Effects of supplementation with fish oil-derived n-3 fatty acids and gamma-linolenic acid on circulating plasma lipids and fatty acid profiles in women.


Laidlaw M, Holub B




Am J Clin Nutr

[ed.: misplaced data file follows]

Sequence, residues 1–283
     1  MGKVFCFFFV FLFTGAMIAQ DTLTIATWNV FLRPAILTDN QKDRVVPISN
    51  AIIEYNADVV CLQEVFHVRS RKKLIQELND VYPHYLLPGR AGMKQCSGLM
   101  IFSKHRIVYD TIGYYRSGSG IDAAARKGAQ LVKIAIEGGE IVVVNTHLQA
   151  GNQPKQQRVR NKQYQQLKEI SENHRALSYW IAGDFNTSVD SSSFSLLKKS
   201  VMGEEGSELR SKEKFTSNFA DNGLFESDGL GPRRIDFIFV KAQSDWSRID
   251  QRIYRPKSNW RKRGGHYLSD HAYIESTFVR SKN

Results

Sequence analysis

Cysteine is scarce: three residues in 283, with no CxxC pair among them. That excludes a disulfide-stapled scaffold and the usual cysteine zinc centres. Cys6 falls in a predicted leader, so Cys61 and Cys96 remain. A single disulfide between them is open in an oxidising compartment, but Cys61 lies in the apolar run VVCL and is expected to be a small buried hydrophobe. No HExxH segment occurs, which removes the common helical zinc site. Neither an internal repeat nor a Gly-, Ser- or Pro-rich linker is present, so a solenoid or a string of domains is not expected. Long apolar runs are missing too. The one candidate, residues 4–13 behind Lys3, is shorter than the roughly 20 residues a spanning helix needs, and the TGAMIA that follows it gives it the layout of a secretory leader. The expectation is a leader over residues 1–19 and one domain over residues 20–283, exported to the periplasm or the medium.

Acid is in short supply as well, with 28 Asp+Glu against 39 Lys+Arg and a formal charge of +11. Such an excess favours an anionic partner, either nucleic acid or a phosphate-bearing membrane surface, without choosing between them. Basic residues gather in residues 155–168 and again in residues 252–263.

BACKGROUND: Eicosapentaenoic acid (EPA), docosahexaenoic acid (DHA), and gamma-linolenic acid (GLA) have lipid-modifying and antiinflammatory properties. The effects of supplement mixtures of these fatty acids on plasma lipids and the fatty acid compositions of serum phospholipids have received little attention. OBJECTIVE: The objective was to determine the effects of different levels of GLA supplementation together with a constant intake of EPA plus DHA on the triacylglycerol-lowering effect of EPA plus DHA alone and on the fatty acid patterns (eicosanoid precursors) of serum phospholipids. DESIGN: Thirty-one women were assigned to 1 of 4 groups, equalized on the basis of their fasting triacylglycerol concentrations. They received supplements providing 4 g EPA+DHA (4:0, EPA+DHA:GLA; control group), 4 g EPA+DHA plus 1 g GLA (4:1), 2 g GLA (4:2), or 4 g GLA (4:4) daily for 28 d. Plasma lipids and fatty acids of serum phospholipids were measured on days 0 and 28. RESULTS: Plasma triacylglycerol concentrations were significantly lower on day 28 than on day 0 in the 4:0, 4:1, and 4:2 groups. LDL cholesterol decreased significantly (by 11.3%) in the 4:2 group. Dihomo-gamma-linolenic acid increased significantly in serum phospholipids only in the 4:2 and 4:4 groups; however, total n-3 fatty acids increased in all 4 groups. CONCLUSIONS: A mixture of 4 g EPA+DHA and 2 g GLA favorably altered blood lipid and fatty acid profiles in healthy women. On the basis of calculated PROCAM values, the 4:2 group was estimated to have a 43% reduction in the 10-y risk of myocardial infarction.